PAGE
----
I was told today was one of their good days.
I'm glad I don't have to deal with these kids all the time. And, actually, except for that horrifying incident, I didn't have a bad day, either. I helped one kid who really felt he could never "get" math do his assignment. He was having a hard time with the distributive property (at least these kids are in algebra, unlike a lot of special education kids their age), and I sat and explained it to him. Then he finished the whole thing in about six minutes and didn't make a single mistake. That made me feel pretty damn good. I had the hardest time getting math when I was in school; it eluded me forever, and I never really did well in math until my senior year of high school. And still, I had to take Math 100 (100!) three times in college; I had to apply myself hard that last time, and I got an A in math for the first time in my life. I did so well on the tests and homework and project that they told me I didn't have to take the final exam!
I was always intimidated by math, but as an adult I've come to see how simple and elegant it all really is. Since I started subbing last year, I've really come to love helping kids with math; I want them to see it for what it is instead of being intimidated and failing it year after year after year like I always did. And today was one of the times I've really helped. I've done it before. Hell, I'm more than willing to brag about one of my kids from last year no longer being in the special education program because I sat with her and taught her how easy multiplication really is. "Wait, when did I start thinking math was fun?" I remember her asking me. Made me feel really good.
Today made me feel good, too. I helped that kid learn math, and I helped another kid get rid of her hiccups. I felt useful today. I'll take that.
Talking with an 8th grader in a Firefly tee shirt...
KID: I just wish I was cooler sometimes. Were you cool in middle school, Mr. Frog?
ME: Are you kidding? I was like Nathan Fillion, but cooler.
KID: But Nathan Fillion is the coolest guy alive.
ME: I know. So you can imagine.
Mr. Frog: Reinventing on Occasion.
Screw the predictable Leonard/Penny attempt at Sam-and-Diane heat. When are we going to get you two crazy kids together? I'm just saying, the best episodes of this show involve Sheldon and Penny being forced to deal with one another or mentally spar in some way. She teaches him more about "normal" human behavior (and if he does have Asperger's, which a lot of people think, let them not do what J.K. Rowling did with Dumbledore being gay and reveal it when it's too late to have any impact), and he makes her a little more (albeit reluctantly) nurturing. Unlikely match, but it soooooo works.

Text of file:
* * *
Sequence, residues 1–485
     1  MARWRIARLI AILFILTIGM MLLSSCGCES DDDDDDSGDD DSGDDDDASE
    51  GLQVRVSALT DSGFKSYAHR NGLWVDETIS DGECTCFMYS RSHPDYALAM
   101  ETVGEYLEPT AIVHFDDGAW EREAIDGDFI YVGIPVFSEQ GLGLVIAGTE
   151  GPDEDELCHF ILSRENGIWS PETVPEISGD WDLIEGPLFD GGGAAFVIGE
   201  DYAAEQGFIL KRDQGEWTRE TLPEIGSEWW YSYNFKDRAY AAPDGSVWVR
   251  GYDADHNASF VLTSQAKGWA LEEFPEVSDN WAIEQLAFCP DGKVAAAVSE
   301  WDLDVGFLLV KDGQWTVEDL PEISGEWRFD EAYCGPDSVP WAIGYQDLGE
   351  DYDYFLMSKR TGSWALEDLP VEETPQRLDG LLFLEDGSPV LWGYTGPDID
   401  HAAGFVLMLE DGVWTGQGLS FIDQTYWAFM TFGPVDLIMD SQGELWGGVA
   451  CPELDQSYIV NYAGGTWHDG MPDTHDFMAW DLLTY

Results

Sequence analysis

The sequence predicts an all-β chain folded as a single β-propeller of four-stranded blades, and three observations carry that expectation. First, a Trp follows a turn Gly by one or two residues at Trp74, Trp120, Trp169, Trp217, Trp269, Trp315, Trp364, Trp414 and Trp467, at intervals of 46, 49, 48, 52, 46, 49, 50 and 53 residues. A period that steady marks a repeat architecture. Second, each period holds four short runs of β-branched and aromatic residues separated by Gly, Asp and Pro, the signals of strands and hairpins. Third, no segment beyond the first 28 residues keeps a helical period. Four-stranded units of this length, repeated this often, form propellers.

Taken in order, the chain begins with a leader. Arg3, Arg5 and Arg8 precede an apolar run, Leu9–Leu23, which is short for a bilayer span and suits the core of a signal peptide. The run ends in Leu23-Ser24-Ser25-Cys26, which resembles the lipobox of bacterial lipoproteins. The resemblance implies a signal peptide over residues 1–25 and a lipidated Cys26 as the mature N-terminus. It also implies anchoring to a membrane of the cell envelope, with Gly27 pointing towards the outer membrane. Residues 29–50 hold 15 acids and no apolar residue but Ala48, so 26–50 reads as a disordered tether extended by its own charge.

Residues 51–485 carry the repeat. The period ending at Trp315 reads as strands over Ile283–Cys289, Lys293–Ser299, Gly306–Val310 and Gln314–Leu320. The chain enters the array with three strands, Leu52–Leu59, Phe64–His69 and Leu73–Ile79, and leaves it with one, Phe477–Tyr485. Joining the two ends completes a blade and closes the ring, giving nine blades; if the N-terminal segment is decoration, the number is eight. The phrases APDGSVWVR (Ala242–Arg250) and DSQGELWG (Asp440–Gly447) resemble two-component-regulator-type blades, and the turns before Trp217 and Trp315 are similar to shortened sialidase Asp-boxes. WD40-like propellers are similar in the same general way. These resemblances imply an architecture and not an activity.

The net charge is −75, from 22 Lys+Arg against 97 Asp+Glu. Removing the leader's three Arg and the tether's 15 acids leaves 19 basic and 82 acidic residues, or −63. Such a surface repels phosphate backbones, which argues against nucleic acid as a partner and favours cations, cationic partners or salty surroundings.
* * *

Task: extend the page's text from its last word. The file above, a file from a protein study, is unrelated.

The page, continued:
Monday, May 11, 2009
I've talked about this a couple of times now, but I'm going to bring this up again because I don't think I've adequately summed this up, and every time I talk about it I get right wingers with persecution complexes commenting, which just makes me want to talk about it more.
So, the Carrie Prejean thing.
Right off the bat, I just want to say that I don't care if she has breast implants or if she posed for topless photos when she was 17. That's irrelevant to the bigger story, which is what she said and how the right and the left have reacted to it. That's what I care more about.
Now, to recap: Miss California Carrie Prejean was asked during the Miss USA pageant by "celebrity" judge Perez Hilton whether or not she supported gay marriage. Prejean gave what was, to me and many others, an offensive answer about how "in my country" marriage was between a man and a woman. And then she got booed and didn't win. And this became a huge deal. And since then she's gone on further to elaborate that she's a Christian, as though being against gay civil marriage rights is some kind of fundamental piece of Christianity--it isn't, which is evinced by a lot of Christians I know who are very tolerant; and by the way, it's very sad to hear a lot of Christians argue that their belief in a supposedly loving religion of peace tells them to hate anything or anyone--and Perez Hilton has gone on to his usual sort of character assassination against anyone who displeases him.
Now, I'm of a couple minds on this. More than a couple, I guess, so bear with me.
On the one hand, this is a free country. Carrie Prejean and anyone else has the right to say whatever they want, no matter how stupid and vile. And not only that, she was giving an honest answer to a direct question about her feelings on a social issue. But on the other hand, she also has to understand that this being a free country means that other people have the right to take issue with what she said and, well, say so. I think what she said was insensitive and ridiculous and completely ignorant. And it's my right to say so. But it's also her right to say what she said. You see how this works? Too many people have told me that I have to just accept what she said because, you know, she has the right to her beliefs. And yes, she does. But I also have the right to believe she's wrong.
And Perez Hilton has a right to have his feelings hurt by what she said. But I think it's counterproductive for him to go on running her into the ground and showing her to be somehow morally inferior, as though that's what makes her wrong. That's not really a valid argument: morally flawed=wrong. I mean, Perez Hilton is kind of a scuzz and a bottom-feeder and desperate for some kind of validation from famous people. I'd consider him pretty morally flawed. So, by his argument, I shouldn't listen to what he has to say, either.
And this is the problem with the discourse in America: no one seems to want to engage anyone on what they've actually said, what position they've taken, or what they believe in. It's all hurt feelings and yelling and character assassination and attacks based on nothing to do with the issue at hand.